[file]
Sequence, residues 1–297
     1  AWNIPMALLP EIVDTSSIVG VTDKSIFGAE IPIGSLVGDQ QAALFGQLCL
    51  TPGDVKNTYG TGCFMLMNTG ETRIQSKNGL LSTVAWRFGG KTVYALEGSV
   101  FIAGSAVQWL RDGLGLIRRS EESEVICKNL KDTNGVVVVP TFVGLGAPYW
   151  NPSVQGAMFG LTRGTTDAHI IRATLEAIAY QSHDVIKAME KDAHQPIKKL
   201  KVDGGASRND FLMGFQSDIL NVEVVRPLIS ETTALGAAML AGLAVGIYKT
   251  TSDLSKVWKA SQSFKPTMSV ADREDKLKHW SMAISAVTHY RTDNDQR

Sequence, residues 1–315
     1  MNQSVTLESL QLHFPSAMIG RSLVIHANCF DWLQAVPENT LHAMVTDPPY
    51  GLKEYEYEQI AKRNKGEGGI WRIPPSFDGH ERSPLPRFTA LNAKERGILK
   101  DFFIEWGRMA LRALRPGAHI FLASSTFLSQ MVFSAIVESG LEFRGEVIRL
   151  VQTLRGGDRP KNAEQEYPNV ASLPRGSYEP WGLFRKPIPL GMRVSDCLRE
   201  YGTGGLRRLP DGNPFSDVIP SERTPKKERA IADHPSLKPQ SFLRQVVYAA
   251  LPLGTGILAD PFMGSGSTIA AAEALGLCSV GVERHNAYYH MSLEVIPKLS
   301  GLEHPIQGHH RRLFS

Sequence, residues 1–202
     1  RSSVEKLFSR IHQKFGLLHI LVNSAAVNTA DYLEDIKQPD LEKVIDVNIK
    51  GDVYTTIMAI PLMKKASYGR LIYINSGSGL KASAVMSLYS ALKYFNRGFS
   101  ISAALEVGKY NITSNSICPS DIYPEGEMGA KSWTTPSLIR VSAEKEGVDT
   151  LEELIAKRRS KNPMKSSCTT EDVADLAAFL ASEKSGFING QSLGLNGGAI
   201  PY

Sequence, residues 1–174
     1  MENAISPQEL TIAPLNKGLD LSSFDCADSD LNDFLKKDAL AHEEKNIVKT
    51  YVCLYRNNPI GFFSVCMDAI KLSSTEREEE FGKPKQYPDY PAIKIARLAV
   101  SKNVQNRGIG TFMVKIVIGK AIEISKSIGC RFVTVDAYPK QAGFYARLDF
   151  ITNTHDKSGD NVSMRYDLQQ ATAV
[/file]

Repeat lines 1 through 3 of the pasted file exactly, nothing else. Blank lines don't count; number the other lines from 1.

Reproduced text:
Sequence, residues 1–297
     1  AWNIPMALLP EIVDTSSIVG VTDKSIFGAE IPIGSLVGDQ QAALFGQLCL
    51  TPGDVKNTYG TGCFMLMNTG ETRIQSKNGL LSTVAWRFGG KTVYALEGSV